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The central human figure in this painting in South Africa's Eastern Cape is either holding a snake or what San shamans refer to as the 'rope to god'. Both help them to obtain power from the spirit world. Photo: Janette Deacon.

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Large antelope like these eland or oryx in South Africa's Northern Cape were engraved by San hunter-gatherers for the power they were believed to have in rain-making. Photo: Janette Deacon.

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This painting in the Eastern Cape of South Africa of the head of a man, with a tuft of red hair on his forehead like that of an eland, emphasizes the close bond between people and eland in San beliefs. Photo: Janette Deacon.

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Rock engravings at Twyfelfontein, Namibia, recently declared a World Heritage site, play with different metaphors and beliefs, in this case an agile kudu. Photo: Janette Deacon.

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Paintings at the so-called Van der Post site in the Tsodilo Hills of Botswana are generally believed to have been the work of early herders within the last 2000 years but retain some of the characteristics of hunter-gatherer art as well. Photo: Janette Deacon.

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Hunter-gatherer rock paintings at Kondoa, Tanzania, depict elephants encircled with lines and associated with what appear to be branches. Photo: Janette Deacon.

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Trainees at the 2006 workshop at Mapungubwe examining signage as part of their studies of the presentation of rock art to visitors. Photo: Janette Deacon.

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Participants at a local stakeholders meeting held at Mapungubwe National Park. Photo: David Myers.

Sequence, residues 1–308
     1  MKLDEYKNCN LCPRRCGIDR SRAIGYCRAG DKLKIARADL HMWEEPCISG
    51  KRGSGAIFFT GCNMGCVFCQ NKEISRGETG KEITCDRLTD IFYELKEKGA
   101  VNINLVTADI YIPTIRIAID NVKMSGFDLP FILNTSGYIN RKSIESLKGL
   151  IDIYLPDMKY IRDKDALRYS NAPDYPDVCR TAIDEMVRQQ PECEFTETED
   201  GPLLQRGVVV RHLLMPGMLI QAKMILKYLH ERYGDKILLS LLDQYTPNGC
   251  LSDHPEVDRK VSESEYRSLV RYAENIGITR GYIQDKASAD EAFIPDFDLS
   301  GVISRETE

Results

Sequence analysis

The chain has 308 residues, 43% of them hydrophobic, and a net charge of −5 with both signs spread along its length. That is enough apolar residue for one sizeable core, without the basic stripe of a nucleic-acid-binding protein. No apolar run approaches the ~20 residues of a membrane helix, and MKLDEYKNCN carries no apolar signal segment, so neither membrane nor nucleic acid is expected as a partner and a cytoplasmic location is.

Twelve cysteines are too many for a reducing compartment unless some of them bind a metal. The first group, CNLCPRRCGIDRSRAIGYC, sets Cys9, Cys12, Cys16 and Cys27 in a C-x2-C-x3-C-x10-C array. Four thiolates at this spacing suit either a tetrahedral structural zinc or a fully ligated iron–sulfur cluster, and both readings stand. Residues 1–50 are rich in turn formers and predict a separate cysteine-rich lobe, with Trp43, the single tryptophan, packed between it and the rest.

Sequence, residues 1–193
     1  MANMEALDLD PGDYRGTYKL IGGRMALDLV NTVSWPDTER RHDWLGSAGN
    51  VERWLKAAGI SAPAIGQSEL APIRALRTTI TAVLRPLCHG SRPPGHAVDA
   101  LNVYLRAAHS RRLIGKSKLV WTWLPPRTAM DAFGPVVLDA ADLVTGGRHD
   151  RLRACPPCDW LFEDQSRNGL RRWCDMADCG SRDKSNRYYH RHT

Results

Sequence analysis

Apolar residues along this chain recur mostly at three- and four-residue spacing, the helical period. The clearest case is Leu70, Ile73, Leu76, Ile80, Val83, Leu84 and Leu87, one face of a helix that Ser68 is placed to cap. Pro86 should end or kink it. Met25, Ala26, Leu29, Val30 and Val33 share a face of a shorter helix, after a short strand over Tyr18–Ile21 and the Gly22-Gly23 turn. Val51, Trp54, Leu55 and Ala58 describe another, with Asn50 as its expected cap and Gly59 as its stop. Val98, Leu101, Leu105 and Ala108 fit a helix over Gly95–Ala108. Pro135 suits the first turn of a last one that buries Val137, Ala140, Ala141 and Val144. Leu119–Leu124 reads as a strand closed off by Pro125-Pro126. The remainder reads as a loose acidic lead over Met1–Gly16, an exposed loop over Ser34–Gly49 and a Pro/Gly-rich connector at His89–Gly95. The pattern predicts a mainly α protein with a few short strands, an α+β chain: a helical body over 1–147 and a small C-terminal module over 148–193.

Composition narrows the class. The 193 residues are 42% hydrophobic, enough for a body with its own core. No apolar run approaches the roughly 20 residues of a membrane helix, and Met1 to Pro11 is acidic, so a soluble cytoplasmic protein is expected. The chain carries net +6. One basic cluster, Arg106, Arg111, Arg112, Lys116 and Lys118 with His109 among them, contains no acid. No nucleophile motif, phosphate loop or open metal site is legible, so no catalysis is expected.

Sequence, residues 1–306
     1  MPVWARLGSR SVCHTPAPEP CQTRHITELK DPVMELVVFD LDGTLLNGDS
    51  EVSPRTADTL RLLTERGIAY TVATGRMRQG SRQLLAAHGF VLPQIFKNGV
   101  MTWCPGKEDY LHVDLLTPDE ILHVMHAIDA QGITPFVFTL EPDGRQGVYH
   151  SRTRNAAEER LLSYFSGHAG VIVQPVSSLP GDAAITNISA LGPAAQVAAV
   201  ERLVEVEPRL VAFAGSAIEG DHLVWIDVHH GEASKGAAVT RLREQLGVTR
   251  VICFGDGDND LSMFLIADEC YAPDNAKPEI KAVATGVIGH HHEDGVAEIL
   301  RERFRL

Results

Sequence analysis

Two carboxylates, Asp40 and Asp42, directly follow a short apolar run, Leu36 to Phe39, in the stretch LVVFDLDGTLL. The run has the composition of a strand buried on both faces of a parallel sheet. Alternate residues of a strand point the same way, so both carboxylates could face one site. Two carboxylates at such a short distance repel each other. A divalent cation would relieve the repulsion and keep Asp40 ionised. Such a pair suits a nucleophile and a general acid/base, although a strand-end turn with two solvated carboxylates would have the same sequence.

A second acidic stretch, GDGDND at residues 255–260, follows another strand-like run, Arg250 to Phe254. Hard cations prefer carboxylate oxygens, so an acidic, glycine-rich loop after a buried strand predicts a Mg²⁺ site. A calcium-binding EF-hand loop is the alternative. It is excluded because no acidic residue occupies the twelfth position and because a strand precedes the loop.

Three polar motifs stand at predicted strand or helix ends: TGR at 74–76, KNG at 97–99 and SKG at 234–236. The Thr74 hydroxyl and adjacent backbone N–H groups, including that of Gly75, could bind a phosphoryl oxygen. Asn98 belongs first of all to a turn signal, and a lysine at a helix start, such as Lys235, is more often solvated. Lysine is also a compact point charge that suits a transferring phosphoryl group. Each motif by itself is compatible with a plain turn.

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Common forms of deterioration at rock shelters, which endanger rock art, are basal erosion caused by rising damp and associated salt efflorescence and scouring by wind. Photo: David Myers.

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An important issue examined at project workshops has been planning for visitor access to rock art sites. Wooden walkways, such as these at Giant's Castle in the uKhahlamba-Drakensberg World Heritage Area are one approach used to provide access but in some cases can pose a fire hazard to the rock art. Photo: David Myers.

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An important consideration for planning for the conservation and management of rock art sites is the existence of fragile archaeological materials within the floors of rock shelters, in this case the rim of a clay pot. Photo: Janette Deacon.

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Trainees from the 2006 tour guide course at Mapungubwe National Park with instructor Janette Deacon. Photo: Trinidad Rico.

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An image of a giraffe from Machete rock shelter, Mapungubwe National Park, South Africa. Photo: Elizabeth Werden.

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Training in approaches to interpret rock art for specialist tourist gudes at Warmhoek Shelter, Cederberg, South Africa. Photo: Janette Deacon.

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Participants gaining an understanding of the significance of rock paintings at a workshop at Mapungubwe National Park in 2006. Photo: David Myers.